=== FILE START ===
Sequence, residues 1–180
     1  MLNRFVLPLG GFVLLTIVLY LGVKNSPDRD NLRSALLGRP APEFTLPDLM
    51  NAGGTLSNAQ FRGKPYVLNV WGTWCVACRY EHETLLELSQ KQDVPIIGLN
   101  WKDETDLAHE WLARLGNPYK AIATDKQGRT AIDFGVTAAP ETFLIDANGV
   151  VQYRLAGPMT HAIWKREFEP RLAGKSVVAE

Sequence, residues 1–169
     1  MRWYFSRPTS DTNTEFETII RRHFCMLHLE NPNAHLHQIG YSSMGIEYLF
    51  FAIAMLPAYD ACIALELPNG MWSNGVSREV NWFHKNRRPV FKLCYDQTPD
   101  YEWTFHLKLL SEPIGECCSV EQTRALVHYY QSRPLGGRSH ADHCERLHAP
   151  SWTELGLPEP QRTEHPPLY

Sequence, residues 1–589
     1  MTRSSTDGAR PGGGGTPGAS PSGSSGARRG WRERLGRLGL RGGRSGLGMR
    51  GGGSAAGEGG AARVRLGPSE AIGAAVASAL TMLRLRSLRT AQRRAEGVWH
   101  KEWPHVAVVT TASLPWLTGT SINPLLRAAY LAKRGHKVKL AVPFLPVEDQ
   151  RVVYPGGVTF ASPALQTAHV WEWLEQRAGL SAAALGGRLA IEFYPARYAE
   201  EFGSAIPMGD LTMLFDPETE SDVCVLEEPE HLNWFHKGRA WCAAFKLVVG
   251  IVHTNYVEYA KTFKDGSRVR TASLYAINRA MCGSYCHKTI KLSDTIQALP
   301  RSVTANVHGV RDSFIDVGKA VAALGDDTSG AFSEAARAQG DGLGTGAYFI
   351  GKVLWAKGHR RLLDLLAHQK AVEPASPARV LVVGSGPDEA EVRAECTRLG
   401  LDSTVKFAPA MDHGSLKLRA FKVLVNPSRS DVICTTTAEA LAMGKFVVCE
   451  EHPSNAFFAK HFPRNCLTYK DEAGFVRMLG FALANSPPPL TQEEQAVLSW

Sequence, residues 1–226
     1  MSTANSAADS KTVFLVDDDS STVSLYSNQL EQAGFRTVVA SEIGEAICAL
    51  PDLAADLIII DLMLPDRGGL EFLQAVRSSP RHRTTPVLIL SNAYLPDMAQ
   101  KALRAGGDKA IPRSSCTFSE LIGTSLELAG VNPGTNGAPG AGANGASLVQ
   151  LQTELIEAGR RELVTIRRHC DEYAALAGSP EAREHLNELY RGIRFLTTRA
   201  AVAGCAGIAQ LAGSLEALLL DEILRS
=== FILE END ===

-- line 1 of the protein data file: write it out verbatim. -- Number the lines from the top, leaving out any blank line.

Sequence, residues 1–180